Kiss’ Gene Simmons Talks Giant Boxed Set, ‘Shmownloading’ and Why People Are Like Horses

Nearly 45 years after Kiss dropped their first album, Gene Simmons is as renowned for his business skills as he is for his thundering bass lines, fire-breathing and demonic stacked-heel footwear. Kiss were always savvy about their business, and were as pioneering with merchandising as they were with stagecraft: Over the years there have been Kiss comic books, condoms, transistor radios and even Kiss caskets.

This month, however, Simmons is thinking big about himself with “Gene Simmons – The Vault Experience: 1966-2016,” a limited edition, 10-CD set of solo material (along with a photo book, medallion and Gene doll) in an actual metal vault that he’s selling in several different, and decidedly fascinating, options and price points. And for a mere $2,000 he’ll deliver the boxed set to you personally.

Let’s talk about this —
You can’t call it a boxed set — it’s the Godzilla of all box sets. It’s about three feet tall, weighs 38 pounds. You can see the video at GeneSimmonsVault.com. You can’t pick it up with one hand. There’s a 50,000 word book that I wrote with hundreds of rare photos from my collection. A lot of cool stuff, like an action figure. Plus, there is personal stuff from me in each box set so that no two vaults are the same.

This is not for the casual Gene Simmons fan.
I didn’t care what it cost. I wanted to do it this way because I am not a fan of the cloud. Cloud schmoud, everything is like a popcorn fart. You can’t touch it or look at it in the cloud, it’s just all up in the air somehow. When I was a kid, there was album art. You could look at the covers. You collected it.

Coveted it …
Yes. So now, I wanted to offer something that was like a Rolls Royce. It’s not on sale. It’s only available in one form, take it or leave it. So we’re only making a few thousand vaults – 5,000 around the world. The cost is $2,000. But there’s more. If you live, say, in New Zealand, I will hand deliver it to your house. The flight tickets, the security, the hotel stay – that’s on me. I’ll lose money flying that around the world but I can afford to do it. Some people feel awkward about admitting it — I don’t. I worked hard for every penny of that, and I’m in a position to do what I wantI’m 68. I’m doing great, Kiss is doing great. I have the Gene Simmons Band. I’m proud of all that. But I’d really have to say this Vault is the pinnacle. I care about creating something that hasn’t been here before.

The Vault goes back to 1966 — where have you kept the tapes for all these years?
There wasn’t a word for it back then, but I was something of a hoarder. I kept everything that I ever did, songs for myself, songs that eventually became Kiss songs. I also really didn’t have many friends, but I didn’t think of myself as lonely. I made music, and I was so enthralled with the possibilities — “That came out of me” — I kept writing songs and recording them on cassette. Then I moved the tapes from my house to a vault. Now I can look back at a half-a-century of these songs that have never been released. About 20-40% of it are demos to the songs like [Kiss’ 1975 hit] “Rock and Roll All Night.” [But there’s also] songs played with the Van Halen Brothers, songs co-written with Bob Dylan, stuff with [Aerosmith’s] Joe Perry on there. Even though Kiss has lots of albums and we have recorded lots of music, on my end, there’s only four or five songs that I get to put on a record. But I write all the time, and am far more prolific than that.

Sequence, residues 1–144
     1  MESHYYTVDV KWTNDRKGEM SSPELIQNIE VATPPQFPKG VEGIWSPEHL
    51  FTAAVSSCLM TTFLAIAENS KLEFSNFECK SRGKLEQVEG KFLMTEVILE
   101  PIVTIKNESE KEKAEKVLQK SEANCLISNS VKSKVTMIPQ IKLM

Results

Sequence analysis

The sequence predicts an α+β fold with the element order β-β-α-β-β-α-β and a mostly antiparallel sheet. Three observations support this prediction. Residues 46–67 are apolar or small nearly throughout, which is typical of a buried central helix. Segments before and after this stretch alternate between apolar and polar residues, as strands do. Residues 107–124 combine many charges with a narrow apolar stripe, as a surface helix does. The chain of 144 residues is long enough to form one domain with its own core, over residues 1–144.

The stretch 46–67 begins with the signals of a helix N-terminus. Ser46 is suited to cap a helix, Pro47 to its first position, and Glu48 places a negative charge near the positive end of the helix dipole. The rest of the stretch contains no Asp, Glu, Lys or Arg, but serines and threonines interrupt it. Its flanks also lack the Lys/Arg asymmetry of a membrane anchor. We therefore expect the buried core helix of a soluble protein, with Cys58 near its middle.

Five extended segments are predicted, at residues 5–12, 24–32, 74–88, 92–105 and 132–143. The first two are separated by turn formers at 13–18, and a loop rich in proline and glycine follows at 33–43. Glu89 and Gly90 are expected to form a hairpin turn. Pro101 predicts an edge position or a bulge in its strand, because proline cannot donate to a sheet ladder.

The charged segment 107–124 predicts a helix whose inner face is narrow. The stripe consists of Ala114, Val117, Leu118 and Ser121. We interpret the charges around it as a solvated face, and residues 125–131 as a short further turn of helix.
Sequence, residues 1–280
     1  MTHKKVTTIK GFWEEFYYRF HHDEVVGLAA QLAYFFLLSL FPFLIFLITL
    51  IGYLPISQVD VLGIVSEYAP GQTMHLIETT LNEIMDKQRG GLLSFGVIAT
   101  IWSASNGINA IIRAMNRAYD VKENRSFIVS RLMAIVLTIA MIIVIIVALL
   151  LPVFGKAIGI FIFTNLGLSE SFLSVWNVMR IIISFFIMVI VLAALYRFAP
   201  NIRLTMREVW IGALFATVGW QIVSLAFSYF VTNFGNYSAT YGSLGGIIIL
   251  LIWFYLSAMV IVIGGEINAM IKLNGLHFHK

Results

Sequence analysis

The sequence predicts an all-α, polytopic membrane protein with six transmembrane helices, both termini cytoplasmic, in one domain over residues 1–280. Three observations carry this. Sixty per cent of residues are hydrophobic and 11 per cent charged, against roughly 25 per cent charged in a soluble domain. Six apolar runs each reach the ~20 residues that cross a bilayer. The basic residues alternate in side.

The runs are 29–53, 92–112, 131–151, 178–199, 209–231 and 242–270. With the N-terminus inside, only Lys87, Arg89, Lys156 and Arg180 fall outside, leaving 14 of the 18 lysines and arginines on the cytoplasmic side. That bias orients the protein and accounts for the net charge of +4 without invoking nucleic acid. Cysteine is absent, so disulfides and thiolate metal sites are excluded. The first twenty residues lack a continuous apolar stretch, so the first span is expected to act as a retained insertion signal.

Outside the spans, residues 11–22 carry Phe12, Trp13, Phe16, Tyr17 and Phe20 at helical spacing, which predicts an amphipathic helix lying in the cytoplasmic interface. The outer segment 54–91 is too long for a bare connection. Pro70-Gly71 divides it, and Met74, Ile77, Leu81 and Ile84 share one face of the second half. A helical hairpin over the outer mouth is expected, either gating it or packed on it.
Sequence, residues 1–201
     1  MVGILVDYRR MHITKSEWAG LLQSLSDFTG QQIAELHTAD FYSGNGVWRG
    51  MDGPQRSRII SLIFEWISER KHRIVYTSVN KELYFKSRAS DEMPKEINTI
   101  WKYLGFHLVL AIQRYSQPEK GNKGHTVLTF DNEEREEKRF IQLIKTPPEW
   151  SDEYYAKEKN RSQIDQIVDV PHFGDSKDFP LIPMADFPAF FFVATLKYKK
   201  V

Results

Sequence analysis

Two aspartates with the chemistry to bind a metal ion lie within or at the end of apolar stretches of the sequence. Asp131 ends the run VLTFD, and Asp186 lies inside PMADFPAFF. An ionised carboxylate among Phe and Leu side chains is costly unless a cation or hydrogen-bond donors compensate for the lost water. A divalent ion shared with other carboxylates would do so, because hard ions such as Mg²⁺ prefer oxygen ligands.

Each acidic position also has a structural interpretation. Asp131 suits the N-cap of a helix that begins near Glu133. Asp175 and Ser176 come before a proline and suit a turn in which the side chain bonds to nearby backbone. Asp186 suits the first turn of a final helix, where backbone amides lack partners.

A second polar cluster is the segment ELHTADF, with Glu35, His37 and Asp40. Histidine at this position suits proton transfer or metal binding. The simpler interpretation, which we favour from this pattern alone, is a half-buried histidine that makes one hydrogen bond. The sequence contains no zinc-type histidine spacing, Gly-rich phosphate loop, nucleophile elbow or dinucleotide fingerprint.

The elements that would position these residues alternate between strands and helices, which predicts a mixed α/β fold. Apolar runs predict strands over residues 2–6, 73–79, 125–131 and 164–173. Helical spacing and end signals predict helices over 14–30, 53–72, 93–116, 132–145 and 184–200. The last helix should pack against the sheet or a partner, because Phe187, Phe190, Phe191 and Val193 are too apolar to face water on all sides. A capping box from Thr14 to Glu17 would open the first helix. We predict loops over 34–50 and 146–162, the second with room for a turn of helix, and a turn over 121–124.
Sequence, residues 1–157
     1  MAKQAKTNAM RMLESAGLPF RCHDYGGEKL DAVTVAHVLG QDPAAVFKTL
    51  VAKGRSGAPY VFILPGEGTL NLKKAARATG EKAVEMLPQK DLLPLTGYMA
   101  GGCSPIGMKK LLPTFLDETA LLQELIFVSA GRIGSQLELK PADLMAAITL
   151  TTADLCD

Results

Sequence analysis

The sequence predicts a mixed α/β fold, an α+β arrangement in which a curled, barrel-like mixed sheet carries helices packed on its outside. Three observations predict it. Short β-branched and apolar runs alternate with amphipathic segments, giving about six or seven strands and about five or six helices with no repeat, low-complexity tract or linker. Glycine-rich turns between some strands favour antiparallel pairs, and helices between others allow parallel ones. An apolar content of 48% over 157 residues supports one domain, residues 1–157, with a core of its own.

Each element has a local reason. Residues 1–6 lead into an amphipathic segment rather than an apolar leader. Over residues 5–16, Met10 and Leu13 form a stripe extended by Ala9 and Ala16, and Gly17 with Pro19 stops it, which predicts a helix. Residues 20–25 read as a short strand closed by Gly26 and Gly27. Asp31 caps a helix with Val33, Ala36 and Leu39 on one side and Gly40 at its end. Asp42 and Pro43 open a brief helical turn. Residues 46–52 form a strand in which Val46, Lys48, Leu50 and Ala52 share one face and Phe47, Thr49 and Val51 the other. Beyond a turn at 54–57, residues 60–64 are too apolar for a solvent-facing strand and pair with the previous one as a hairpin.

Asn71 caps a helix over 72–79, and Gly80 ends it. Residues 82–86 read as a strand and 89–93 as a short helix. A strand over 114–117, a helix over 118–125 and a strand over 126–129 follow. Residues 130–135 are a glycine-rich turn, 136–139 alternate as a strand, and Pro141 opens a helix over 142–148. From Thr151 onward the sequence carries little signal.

I didn’t receive an advance listening copy —
And you won’t. We’re not giving it away. With fans downloading and shmownloading things for free, it’s called “robbery,” so we’re not letting the music out.

What do those first songs from 1966 sound like?
I hadn’t heard these songs in 20 or 30 years because I was afraid to listen to the tapes. We had to go through a process called baking — with a temperature-controlled oven so that tape becomes solid again, because they deteriorate — so we can digitize them. Hearing it back, that first song from 1966 “My Uncle Is a Raft,” feels like The Beatles’ “Her Majesty.” It has that innocent feel, not a tune that a rock band would do, but there was a song there. My Uncle George was a substitute father figure because my dad ran out on us and my uncle was a raft that kept me floating. Then my stuff got heavier when I started listening to Cream and Mountain, but that very first song was astonishing to me. It’s like the first time that you look in a mirror, you never want to look away.

You and the band have been innovators in finding ways to monetize every aspect of your art form. What does a project need to catch your fancy?
It has to have meat. People are like horses with blinders: They can see clearly ahead, but not on the left or the right. It’s never about getting caught up in the minutiae, but about the big picture. What I’m getting at is that I have been thinking long and hard about dead record companies because fans, of course, killed it. I don’t accept that. I don’t want some freckle-faced college kid to define when I’ve made enough money. Greedy? Sure. And this box set ain’t for everybody, but it wasn’t designed to be. This is the biggest box set of all time. That is why you’ll want it. Size does count. And I’m giving you the biggest.


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